The National Museum of Scotland’s Scottish galleries provide a fascinating insight into the nation’s history all year round, with their diverse collection of Scottish objects from prehistory to the present day.
Every object has a story to tell, and – from now until 29 January – you can hear twenty-six of them brought to life in the 26 Treasures exhibition.
A number of objects spanning Scotland’s history were selected, then paired randomly with twenty-six Scottish writers: poets, novelists, journalists, screenwriters and more. Each writer was then tasked with using exactly 62 words to capture something about the object in whatever style they wished.
We therefore have Elspeth Murray’s circular poem about the Bute mazer, novelist Harriet Smart’s elegy to Bonnie Prince Charlie’s travelling canteen, Sara Sheridan’s lyrical tribute to the Queen Mary harp – and twenty-three other evocative pieces which bring the objects’ histories to vivid and literary life.
There is a trail map accompanying the exhibition, allowing you to track down the objects across the galleries’ six floors. Each item also has a QR code next to it: scan this with your smartphone and you’ll be able to hear the writers read their pieces aloud.
Backed up by a series of events at the museum, 26 Treasures is an original and enjoyable way to explore the Scottish galleries: and to discover all the history, intrigue and drama behind this small part of its impressive collection.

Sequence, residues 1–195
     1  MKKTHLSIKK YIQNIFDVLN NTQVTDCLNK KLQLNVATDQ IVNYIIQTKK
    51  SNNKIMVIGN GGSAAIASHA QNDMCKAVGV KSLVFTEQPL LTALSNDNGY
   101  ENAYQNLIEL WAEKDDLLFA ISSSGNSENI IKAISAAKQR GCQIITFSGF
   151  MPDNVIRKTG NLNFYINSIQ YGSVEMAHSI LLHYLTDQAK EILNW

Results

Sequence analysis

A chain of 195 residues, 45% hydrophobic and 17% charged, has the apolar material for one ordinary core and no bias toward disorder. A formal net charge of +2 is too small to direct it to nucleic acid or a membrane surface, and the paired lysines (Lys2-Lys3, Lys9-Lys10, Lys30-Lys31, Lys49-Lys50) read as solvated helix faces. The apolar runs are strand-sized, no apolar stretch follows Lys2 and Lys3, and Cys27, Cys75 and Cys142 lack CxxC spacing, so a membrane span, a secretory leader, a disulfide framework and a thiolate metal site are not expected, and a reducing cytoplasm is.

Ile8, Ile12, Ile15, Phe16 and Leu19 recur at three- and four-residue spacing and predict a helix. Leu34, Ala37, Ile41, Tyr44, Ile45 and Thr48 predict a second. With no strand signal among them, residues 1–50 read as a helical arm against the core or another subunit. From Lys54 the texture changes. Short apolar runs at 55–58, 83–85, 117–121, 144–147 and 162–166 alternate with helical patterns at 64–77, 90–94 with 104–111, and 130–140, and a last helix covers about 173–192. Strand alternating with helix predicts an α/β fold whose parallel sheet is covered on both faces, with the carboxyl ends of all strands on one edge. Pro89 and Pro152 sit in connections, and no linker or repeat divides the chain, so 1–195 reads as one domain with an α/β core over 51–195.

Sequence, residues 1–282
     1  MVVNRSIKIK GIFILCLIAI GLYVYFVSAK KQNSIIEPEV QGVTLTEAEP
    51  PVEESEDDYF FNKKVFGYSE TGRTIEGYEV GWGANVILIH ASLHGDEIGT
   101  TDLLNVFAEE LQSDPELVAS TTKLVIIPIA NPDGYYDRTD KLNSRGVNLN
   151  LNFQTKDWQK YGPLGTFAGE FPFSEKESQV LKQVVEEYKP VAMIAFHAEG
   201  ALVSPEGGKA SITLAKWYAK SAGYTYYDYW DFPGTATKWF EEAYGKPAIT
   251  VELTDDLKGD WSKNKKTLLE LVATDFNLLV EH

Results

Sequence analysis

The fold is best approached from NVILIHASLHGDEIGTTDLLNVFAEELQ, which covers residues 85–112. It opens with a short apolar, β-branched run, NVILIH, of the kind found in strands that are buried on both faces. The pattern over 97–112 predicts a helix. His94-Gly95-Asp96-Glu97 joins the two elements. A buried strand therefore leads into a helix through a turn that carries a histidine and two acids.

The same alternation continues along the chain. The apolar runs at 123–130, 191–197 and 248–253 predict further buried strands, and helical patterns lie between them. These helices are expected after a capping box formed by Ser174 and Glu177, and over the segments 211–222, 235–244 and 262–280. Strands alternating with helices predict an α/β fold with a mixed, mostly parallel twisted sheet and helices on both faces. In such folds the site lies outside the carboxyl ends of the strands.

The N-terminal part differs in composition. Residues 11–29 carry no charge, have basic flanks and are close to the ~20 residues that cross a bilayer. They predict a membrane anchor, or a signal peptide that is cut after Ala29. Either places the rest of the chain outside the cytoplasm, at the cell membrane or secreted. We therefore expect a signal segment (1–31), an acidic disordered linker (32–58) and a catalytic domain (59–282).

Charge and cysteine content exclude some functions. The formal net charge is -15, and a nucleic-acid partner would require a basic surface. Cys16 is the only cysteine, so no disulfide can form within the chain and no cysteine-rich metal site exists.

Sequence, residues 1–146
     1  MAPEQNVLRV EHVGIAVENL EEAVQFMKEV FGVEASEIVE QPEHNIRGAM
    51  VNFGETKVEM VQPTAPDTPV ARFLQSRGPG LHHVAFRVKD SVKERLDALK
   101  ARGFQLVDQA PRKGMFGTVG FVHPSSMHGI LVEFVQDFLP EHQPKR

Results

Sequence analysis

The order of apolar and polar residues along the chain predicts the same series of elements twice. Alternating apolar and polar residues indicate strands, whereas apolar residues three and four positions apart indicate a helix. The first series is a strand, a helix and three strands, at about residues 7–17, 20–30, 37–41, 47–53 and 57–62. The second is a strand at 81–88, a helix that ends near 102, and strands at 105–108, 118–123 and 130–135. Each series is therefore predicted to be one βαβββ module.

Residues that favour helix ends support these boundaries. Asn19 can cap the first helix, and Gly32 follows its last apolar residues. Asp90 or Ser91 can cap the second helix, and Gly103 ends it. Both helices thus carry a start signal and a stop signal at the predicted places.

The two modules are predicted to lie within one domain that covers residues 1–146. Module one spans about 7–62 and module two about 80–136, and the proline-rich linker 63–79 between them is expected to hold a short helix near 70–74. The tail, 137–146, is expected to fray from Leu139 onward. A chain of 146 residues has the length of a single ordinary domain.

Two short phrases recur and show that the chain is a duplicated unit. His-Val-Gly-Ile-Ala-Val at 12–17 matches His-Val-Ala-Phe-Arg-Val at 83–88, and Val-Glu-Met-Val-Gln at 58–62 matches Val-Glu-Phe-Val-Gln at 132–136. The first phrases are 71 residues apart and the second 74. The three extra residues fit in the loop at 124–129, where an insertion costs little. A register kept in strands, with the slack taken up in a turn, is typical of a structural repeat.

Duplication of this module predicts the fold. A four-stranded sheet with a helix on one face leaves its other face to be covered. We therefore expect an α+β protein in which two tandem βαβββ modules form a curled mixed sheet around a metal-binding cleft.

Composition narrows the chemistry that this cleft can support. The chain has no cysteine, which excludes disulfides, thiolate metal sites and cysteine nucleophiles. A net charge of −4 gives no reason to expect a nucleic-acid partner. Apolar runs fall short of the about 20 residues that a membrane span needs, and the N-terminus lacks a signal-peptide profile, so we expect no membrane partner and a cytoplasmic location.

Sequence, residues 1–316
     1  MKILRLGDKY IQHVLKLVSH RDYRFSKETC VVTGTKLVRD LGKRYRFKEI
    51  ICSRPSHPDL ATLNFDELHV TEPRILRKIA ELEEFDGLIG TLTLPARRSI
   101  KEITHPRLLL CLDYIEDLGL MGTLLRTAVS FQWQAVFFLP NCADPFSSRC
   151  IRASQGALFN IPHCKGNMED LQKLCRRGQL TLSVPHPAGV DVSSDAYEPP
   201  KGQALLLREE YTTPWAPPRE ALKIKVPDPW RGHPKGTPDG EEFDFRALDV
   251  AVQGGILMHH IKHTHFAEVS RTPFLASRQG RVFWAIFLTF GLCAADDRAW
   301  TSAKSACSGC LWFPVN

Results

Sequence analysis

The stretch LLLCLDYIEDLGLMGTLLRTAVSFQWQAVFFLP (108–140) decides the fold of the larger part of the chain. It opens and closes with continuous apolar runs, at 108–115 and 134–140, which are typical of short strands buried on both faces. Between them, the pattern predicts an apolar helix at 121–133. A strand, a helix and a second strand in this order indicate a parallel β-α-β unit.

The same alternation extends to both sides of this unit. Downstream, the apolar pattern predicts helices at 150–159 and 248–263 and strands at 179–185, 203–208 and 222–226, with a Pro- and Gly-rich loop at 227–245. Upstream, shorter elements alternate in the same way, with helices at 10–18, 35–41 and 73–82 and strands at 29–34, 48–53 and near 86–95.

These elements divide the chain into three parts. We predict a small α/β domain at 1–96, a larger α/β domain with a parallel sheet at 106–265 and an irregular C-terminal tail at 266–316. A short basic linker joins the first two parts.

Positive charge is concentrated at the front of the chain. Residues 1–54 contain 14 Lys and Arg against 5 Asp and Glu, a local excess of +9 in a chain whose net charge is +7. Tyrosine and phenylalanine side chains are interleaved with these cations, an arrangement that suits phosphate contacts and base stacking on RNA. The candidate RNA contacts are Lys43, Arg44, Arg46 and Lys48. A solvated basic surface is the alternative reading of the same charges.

Not only that, but members of the public have a chance to contribute to 26 Treasures themselves, via a tweet or 62-word entry about any object in the whole of the National Museum, in an online competition (where they can also win a Kindle).
Best-selling novelist Sara Sheridan has been instrumental in helping to bring this 26 Treasures to the National Museum of Scotland, which follows similar exhibitions in London, Ireland and Wales. There is now an online initiative to raise funds to have an anthology of all the participating writers’ works published in a book, which you can read more about here.